In the debate kicked off by Senator Mitt Romney’s family plan, a saying keeps coming into my head: “Every baby comes with a loaf of bread under her arm.” I’ve always interpreted it as an affirmation of the dignity of need and the need to provide: The baby brings the hunger, and then it’s the job of everyone within earshot to come over with the bread.
Mr. Romney’s proposed child-benefit program is a step in the right direction and is as unconditional as the baby’s need. It would include monthly payments to families of up to $350 per child; moreover, it would be universal. That has made it a target of some conservatives, who prefer a narrower approach with tax relief. There is dignity in work, but we should support more than just work done for wages.
For critics like Republican Senators Mike Lee of Utah and Marco Rubio of Florida, the universality of the program is a drawback. Both senators oppose the proposal because it would be a child allowance for all parents, “not tax relief for working parents,” as they said in a statement.
The senators called the Romney proposal “welfare assistance” and added: “An essential part of being pro-family is being pro-work. Congress should expand the Child Tax Credit without undercutting the responsibility of parents to work to provide for their families.”
But the senators are pro-work only in a narrow sense, and in that sense they sell families short. There is no intrinsic value to labor outside the home that raises it to a higher dignity than the work of parents or other caregivers within the home. If only wage work is seen as “real” work, then a father who stays home with his young children doesn’t count as providing for his family.
To convert care into “real” work, he has to perform a sleight of hand. If the father swaps kids with a neighbor and each family pays the other to take care of its kids, then the same diaper changes, food preparation and reading of storybooks become official work. It’s hard to call this shell game pro-family policy, in which child care has value only if you don’t provide it to your own child.
Mr. Romney’s plan (like the Family Fun Pack from Matt Bruenig, the president of the People’s Policy Project, a think tank) would allow families to be flexible. (President Biden has also released a plan for a similar benefit, which would be less generous to families with younger children and would be limited to a single year of payments as part of Covid-19 relief.) Mr. Romney and Mr. Bruenig would put money directly and unconditionally into families’ hands. They would not issue child care vouchers or otherwise dictate a single, “right” way to balance work and parenting.
In contrast, the position of Mr. Lee and Mr. Rubio isn’t pro-family; it’s pro-employer. Their goal seems to be to fit parents to the needs of increasingly totalizing work, rather than expect jobs to accommodate the needs of families. It’s the same attitude lurking behind the proposal from Kamala Harris when she was a senator, to cover the gap between the ends of school days and workdays. She proposed extending the school day by three hours, rather than shortening the workday. When children and work come into conflict, work usually wins.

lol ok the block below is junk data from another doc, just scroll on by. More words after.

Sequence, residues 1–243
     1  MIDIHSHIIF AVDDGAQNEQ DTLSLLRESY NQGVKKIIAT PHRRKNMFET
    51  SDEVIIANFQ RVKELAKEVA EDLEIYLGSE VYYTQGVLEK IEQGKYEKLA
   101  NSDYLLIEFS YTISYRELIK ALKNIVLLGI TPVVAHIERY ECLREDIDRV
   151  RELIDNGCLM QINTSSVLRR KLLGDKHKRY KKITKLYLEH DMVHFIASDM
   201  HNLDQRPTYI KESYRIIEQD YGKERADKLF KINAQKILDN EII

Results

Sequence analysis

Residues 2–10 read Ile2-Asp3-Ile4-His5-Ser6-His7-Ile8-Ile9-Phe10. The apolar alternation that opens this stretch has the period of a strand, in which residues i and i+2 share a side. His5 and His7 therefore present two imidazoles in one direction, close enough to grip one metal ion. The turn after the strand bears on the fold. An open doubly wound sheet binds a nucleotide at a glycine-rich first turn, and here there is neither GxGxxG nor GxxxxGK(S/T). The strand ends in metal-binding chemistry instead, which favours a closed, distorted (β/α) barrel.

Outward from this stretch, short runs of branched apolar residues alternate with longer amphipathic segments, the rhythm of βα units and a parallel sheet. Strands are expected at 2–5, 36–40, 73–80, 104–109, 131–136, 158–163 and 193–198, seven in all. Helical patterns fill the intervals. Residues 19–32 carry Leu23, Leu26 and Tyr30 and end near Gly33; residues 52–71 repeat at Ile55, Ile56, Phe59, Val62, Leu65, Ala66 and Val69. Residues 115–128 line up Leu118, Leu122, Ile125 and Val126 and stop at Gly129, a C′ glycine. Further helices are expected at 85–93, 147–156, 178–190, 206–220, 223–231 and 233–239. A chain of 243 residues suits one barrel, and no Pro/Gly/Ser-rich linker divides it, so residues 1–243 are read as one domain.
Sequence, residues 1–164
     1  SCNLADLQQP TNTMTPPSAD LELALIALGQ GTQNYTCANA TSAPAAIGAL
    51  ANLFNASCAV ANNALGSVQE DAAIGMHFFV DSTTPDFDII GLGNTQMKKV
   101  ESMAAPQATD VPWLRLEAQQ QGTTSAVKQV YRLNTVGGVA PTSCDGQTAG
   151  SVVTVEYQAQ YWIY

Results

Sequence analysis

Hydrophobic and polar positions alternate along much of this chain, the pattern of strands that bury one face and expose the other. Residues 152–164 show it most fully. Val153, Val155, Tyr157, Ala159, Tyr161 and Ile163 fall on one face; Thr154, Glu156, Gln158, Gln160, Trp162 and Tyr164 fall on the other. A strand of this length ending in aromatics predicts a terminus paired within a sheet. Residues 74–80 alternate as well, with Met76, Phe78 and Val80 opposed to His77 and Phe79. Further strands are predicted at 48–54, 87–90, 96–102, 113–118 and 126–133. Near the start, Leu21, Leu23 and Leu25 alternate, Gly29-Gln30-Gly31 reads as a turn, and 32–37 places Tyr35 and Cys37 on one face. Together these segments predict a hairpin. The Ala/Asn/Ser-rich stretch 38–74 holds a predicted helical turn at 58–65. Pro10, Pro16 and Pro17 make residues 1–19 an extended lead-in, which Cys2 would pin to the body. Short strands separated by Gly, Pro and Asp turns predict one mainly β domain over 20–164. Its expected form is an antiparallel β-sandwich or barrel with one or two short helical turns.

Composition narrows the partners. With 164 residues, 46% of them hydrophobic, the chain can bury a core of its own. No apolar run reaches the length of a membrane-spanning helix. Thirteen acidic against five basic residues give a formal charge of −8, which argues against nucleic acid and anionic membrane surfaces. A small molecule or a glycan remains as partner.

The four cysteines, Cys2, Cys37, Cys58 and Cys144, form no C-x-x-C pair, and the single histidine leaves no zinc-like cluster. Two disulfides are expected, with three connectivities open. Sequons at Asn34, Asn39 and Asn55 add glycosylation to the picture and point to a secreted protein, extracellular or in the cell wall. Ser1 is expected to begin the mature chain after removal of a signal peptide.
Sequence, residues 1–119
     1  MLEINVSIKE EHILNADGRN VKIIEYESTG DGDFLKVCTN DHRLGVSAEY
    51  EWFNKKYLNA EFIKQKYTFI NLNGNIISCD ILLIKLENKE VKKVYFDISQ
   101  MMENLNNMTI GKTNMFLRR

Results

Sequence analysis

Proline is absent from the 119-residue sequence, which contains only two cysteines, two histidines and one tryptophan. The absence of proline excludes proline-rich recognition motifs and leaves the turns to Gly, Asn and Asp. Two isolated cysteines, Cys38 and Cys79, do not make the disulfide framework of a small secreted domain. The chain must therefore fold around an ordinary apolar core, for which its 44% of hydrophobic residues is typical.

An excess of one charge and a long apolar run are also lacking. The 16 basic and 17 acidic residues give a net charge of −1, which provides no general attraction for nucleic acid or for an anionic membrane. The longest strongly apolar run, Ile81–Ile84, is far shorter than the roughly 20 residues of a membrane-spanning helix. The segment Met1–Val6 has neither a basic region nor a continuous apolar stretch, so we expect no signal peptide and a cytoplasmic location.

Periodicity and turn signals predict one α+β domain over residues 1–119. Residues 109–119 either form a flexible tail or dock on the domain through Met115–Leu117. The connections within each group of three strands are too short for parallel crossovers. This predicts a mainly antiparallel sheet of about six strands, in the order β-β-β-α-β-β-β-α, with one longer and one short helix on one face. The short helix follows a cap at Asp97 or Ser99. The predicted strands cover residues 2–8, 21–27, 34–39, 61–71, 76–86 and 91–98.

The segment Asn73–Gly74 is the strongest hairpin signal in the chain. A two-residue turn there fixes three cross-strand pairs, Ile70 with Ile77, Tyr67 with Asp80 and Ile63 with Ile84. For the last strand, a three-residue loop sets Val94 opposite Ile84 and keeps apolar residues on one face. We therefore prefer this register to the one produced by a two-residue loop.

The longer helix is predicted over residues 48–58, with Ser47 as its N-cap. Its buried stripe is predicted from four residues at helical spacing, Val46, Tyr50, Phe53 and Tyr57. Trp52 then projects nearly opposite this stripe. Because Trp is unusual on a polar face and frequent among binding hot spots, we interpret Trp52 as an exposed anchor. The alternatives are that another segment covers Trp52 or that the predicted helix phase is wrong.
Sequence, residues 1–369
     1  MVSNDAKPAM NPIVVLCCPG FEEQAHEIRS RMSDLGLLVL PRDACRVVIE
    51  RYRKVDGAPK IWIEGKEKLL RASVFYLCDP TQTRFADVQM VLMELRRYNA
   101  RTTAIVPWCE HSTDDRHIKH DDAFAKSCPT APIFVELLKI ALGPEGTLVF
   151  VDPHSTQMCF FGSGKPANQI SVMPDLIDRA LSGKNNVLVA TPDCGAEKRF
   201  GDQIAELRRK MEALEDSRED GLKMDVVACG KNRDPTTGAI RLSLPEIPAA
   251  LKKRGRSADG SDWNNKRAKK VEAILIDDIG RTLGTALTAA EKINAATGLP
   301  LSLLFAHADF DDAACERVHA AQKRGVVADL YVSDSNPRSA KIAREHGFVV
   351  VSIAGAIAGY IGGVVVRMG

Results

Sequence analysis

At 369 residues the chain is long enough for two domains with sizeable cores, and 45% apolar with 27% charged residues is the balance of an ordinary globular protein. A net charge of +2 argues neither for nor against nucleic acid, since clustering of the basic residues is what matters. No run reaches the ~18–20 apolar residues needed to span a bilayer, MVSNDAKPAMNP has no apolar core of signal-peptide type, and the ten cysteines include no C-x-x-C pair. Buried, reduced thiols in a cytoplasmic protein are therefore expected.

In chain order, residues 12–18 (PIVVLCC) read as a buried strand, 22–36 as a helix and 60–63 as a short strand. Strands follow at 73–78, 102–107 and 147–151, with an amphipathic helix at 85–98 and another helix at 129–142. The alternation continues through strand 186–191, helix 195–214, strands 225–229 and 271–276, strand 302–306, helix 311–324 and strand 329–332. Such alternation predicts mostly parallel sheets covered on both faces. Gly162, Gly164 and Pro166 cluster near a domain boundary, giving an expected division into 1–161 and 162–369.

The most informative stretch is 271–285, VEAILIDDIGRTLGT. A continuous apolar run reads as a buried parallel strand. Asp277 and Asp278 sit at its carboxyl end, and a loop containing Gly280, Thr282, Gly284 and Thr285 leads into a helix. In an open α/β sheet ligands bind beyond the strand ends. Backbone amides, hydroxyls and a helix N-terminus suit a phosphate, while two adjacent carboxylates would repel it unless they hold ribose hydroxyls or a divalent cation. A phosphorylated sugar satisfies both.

It’s almost as if some critics of the Romney plan are asking: How can we work around the demands children place on their parents? This is a shallow liberty that treats parents as equal only if they are equivalent to childless job candidates.
But parents are usually worse employees from their employer’s point of view. What employer prefers someone who could be chronically sleep deprived for months? All else being equal, who would pick the person whose children spend the winter working their way through every stomach bug at school? Pregnancy is a protected category in employment law, just as disability is, because an employer that views its employees simply as raw material will treat anyone facing physical challenges as dispensable.
For employers who see employees as short-term line items, the ideal worker is an unencumbered individual. No kids, no parents old enough to need care, no strong commitment to anyone outside themselves and their work.
It’s why tech companies offer to pay for egg-freezing services and provide perks to make your office feel like your home. They may genuinely feel they’re providing a benefit — and their carrots are kinder than the sticks of no sick days and unpredictable schedules offered by shift-work employers. But at the high and low ends of the pay scale, anyone else who depends on a worker is viewed as competition for commitment.
A pro-family policy uses parents’ needs as a test for a humane economy. A workplace hostile to parents will also harm the person one cubicle over whose father is slipping into dementia, the colleague who needs time off to help a friend struggling with depression, the co-worker whose coronavirus infection festers into a long-haul chronic illness.
No one remains healthy or independent forever. When we love our children, our parents, our friends, we become entangled with them and make promises that cost us something to keep.
Mr. Romney’s benefits would be tailored to parents, but they would serve everyone if they shifted our expectations of what work should look like and what counts as valuable labor. And his proposal should be followed by a similar package for anyone doing care work at home for a parent or other relative.
Call the Romney plan a capital investment, not a child allowance. It supports the work that statistics like gross domestic product don’t count but that is the foundation for strong families and communities.
Leah Libresco Sargeant is the author of “Arriving at Amen” and “Building the Benedict Option.” She writes about the dignity of dependence at Other Feminisms.